Lawmakers may end option to pocket leftover campaign cash

PIERRE (AP) -- State lawmakers are weighing new campaign finance regulations that would remove South Dakota from the short list of states that allow politicians to pocket the money in their campaign accounts.

2273896+SD state capitol3.jpg
South Dakota State Capitol

PIERRE (AP) - State lawmakers are weighing new campaign finance regulations that would remove South Dakota from the short list of states that allow politicians to pocket the money in their campaign accounts.

Senate Democratic leader Billie Sutton said he's pushing to restrict candidates' ability to tap political contributions for personal use because political office shouldn't be used for personal enrichment. South Dakota is one of just a few states including neighboring North Dakota where withdrawals are legal.

"That's a pretty common theme in South Dakota, I'm afraid, with a lot of different things," Sutton said. "I would venture to say a lot of people don't know that you can currently use the campaign funds for whatever you want."

State campaign finance records show that officials leaving office often give their remaining funds away. Some recently retired lawmakers have held onto the balance of their accounts, but it's difficult to track how former officials use money they keep.

A House panel is scheduled Monday to take up the campaign finance bill, which includes Sutton's provision to limit politicians from using contributions for anything other than campaign-related purposes or donations to charity or another candidate.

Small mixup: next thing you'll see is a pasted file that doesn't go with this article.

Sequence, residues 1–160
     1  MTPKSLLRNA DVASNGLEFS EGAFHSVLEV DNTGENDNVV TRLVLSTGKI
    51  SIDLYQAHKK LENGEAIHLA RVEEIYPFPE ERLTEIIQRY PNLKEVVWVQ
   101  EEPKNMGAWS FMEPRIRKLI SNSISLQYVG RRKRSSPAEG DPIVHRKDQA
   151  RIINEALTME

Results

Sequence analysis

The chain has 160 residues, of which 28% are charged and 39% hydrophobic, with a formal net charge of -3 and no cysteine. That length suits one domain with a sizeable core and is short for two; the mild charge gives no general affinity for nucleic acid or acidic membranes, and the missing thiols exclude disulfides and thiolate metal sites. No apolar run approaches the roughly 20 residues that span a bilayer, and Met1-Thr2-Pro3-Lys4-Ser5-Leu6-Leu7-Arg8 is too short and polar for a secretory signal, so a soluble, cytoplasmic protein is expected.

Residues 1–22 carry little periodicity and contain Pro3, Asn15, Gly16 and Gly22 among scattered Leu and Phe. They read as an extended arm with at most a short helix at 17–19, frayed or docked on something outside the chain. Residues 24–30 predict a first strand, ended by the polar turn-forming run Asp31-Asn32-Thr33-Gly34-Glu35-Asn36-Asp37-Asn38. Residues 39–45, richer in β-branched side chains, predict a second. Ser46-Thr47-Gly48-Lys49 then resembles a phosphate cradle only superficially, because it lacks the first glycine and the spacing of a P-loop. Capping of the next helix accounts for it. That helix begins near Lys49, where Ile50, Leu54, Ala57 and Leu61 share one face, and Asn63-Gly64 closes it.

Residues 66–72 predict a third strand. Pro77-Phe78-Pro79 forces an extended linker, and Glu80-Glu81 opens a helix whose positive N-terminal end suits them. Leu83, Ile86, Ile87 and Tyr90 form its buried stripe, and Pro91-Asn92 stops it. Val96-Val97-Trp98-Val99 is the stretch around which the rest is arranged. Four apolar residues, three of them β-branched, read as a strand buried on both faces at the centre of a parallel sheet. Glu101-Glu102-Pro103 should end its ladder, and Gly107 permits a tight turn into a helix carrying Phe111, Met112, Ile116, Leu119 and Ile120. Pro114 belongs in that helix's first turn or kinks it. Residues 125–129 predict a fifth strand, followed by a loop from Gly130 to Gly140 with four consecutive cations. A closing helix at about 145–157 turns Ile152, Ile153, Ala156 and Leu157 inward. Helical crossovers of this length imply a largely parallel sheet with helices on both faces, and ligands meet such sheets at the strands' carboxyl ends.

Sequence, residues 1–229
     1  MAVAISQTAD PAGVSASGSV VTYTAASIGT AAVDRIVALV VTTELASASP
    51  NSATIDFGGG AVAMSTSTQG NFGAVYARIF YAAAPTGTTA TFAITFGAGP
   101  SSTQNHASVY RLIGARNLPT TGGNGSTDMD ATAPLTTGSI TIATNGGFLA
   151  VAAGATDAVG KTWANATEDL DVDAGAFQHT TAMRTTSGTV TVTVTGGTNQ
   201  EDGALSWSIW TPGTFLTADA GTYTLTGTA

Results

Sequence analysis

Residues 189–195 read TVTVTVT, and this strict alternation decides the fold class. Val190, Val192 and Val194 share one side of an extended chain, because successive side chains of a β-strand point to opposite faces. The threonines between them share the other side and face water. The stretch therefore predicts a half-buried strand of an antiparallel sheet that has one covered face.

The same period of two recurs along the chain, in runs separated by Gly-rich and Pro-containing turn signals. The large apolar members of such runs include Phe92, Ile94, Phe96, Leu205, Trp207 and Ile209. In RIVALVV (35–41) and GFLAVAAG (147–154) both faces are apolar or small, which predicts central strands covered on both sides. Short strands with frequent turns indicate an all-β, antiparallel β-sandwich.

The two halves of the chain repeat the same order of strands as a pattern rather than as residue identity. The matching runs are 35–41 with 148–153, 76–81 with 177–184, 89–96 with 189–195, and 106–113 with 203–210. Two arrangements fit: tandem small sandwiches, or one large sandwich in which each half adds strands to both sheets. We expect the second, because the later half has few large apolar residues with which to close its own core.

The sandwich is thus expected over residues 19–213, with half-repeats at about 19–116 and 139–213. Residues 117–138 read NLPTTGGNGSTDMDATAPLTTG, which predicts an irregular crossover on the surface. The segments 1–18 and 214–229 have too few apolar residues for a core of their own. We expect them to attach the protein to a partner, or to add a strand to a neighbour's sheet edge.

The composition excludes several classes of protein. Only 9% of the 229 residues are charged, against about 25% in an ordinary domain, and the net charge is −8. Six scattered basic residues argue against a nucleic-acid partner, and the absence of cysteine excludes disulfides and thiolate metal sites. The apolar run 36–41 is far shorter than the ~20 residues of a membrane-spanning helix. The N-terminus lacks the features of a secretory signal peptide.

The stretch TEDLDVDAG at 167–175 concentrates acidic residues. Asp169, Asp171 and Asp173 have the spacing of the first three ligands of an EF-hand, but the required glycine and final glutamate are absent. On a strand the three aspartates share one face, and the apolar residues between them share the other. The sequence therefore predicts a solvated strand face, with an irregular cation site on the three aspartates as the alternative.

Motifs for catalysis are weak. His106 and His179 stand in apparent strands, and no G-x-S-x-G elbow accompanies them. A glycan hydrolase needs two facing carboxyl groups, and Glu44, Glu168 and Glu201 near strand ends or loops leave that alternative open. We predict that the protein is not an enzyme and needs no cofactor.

Top Republicans including Gov. Dennis Daugaard and Secretary of State Shantel Krebs support some form of new restrictions. Daugaard said he doesn't think people should be allowed to empty their campaign accounts at the end of their service.

Daugaard, who is serving his final term, had over $1 million in his governor campaign account at the end of 2016. Spokesman Tony Venhuizen said in an email that after he leaves office, Daugaard would consider donations to charity and using it for political purposes.

Former Gov. Bill Janklow in 2011 closed out his state campaign fund, which held more than $850,000, and transferred it to his personal account. The handwritten filing is difficult to read. His son, Russ Janklow, said the money went to charities and the University of South Dakota Foundation.

Several former state lawmakers who recently shuttered their political committees held onto the balance of their campaign accounts. Former Republican Sen. Ried Holien, whose report terminating his political committee listed a nearly $8,200 "consulting" expenditure, said he kept the money to use for his role as national committeeman after checking with most local donors to see if they wanted their money back.

The former lawmaker from Watertown said his new gig is an unpaid position in which he's expected to cover all of his own travel and lodging.

"I had a slightly better situation than some people were presented simply because it's a political fund, and I still had a political office - It's just one I don't get paid for," Holien said. "I figured it's being used for political purposes, and most of the people who gave it to me are happy that I still have a political office."

Ex-Rep. Susy Blake, a Democrat, said she intends to give away the $1,670 she retained from her campaign committee. Former lawmakers David Omdahl and Mike Verchio, both Republicans, each received about $1,700 from terminating their campaign committees. Omdahl said he donated the funds to other campaigns, while Verchio said that he used it to pay himself back for his expenses including gas used traversing his sprawling western South Dakota House district.

"The legislators in this state are so underpaid," Verchio said. "I don't see anything wrong with it going to the individual legislator."


State lawmakers are paid $6,000 per session plus a per diem allowance.

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